Sunday, December 4, 2011

Poultry Peace

Mabel and Pearl
I should have known better. It was four days before Thanksgiving, and I thought I'd venture out to pick up some groceries, and a few things to prepare for house guests. I reasoned that it was a Monday morning, and it shouldn't be too busy.

It was a zoo. The grocery store was packed. I fought my way to the brussels sprouts, only to find three small shriveled brussels sprouts rolling pitifully in the bin. At the cheese counter, I merged my way to the brie, grabbed a chunk of smoked gouda on my way out, and escaped to the meat section.

An hour later, I reached the checkout stand feeling as if I'd run a gauntlet. "You survived!" commented the clerk. I laughed. "No bruises even!" But my head hurt. I don't do well in crowds.

Poppy and Betty Boop
I loaded up the car, crept out of the packed parking lot, and headed for Bed(lam) Bath and Beyond. There I jousted for parking spaces, avoided a near fender bender with someone who was on her cell phone, and a stopped for fabric at the fabric store.

Traffic was crazy. One last errand--I stopped at my favorite farm/ranch and outdoor store for scratch grains, and then I was done. I just wanted to get home. No doubt, the driver who followed me closely half the way home was just wanting to get home, or somewhere, quickly too.

I was grouchy and feeling pushed around by the time I pulled up in front of the house and unloaded my car. Still on edge, I carried the scratch grains back to the shop where we keep the chicken feed. I passed the coop on the way. Violet, Oreo, and Clover, secured in the run, were happy to see me. In that moment of clucked greeting, my heart rate began to slow, and I let them out, feeling appreciated.

The four teenage pullets were in the coop, and after checking their feed I sat and watched them for a while. 

I've introduced Mabel the Speckled Sussex (she was named Pippa, Cocoa, and Ruby, before the name Mabel just seemed to settle on her); and Pearl, the glamorous Porcelain Belgian d'Uccle. But we've also added two black Australorps who came from a nearby farm. They'll be big black hens, and good layers. Their eyes are as dark and deep. They stick together, the two new kids.

M named hers Poppy and the other chick is named Betty Boop. I think of Betty Boop as my friend Katie's hen. Katie was as sad as I was when we lost the four hens last month, and we brought Betty Boop home in her honor. Betty Boop was the name drawn from four names in a hat (Onyx, Prudence, Minnie, and Betty.)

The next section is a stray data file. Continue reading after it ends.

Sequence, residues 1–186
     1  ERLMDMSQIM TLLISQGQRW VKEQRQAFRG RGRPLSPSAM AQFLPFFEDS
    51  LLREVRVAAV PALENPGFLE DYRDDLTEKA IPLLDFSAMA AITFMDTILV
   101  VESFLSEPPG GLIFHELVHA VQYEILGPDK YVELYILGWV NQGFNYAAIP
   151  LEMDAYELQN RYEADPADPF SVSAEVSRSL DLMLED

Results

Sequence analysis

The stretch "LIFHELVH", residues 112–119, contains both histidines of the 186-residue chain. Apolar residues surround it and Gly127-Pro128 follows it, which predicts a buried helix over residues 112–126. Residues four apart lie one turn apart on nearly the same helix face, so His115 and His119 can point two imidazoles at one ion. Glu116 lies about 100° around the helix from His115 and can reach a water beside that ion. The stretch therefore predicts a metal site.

They peep and preen, stretching their wings, checking out the chopped lettuce I'd brought for them. With the big girls not there to chase them away, they're leisurely in their movements. Mabel is extremely curious about everything, and the bravest of the four. She often watches me with a cocked head as if trying to read my mind. I like her very much. Her tail feathers are still stubby, but sometimes she makes herself tall when she's feeling worried. Pearl is kind, and I watch her wiggle up next to the two little Australorps and the three of them settled down for a nap. Betty pecks at a stray piece of chicken feed on Pearl's back.

The quiet of the coop settles around me. I realize my shoulders are tight and my jaw has been clenched from my foray into retail chaos. And Christmas shopping hadn't even begun yet.
There is something extremely calming and relaxing about watching chickens. I'm not sure exactly what it is, but it's a balm after my morning spent merging in and out of traffic, grocery aisles, and parking lots.

After awhile, I leave the four young hens to their coop, and watch as Violet rushes up to say hello, then returns to her work. The world has slowed down to a more palatable pace.

As the holiday season begins its mad rush toward Christmas, I make it a point to stop in and watch the hens each day. I take them warm oatmeal, or a handful of green kale. They are simple and easy to please. There's no anger or judgment, no rudeness, and it soothes me to be with them. There is peace in their simplicity, and I am grateful.

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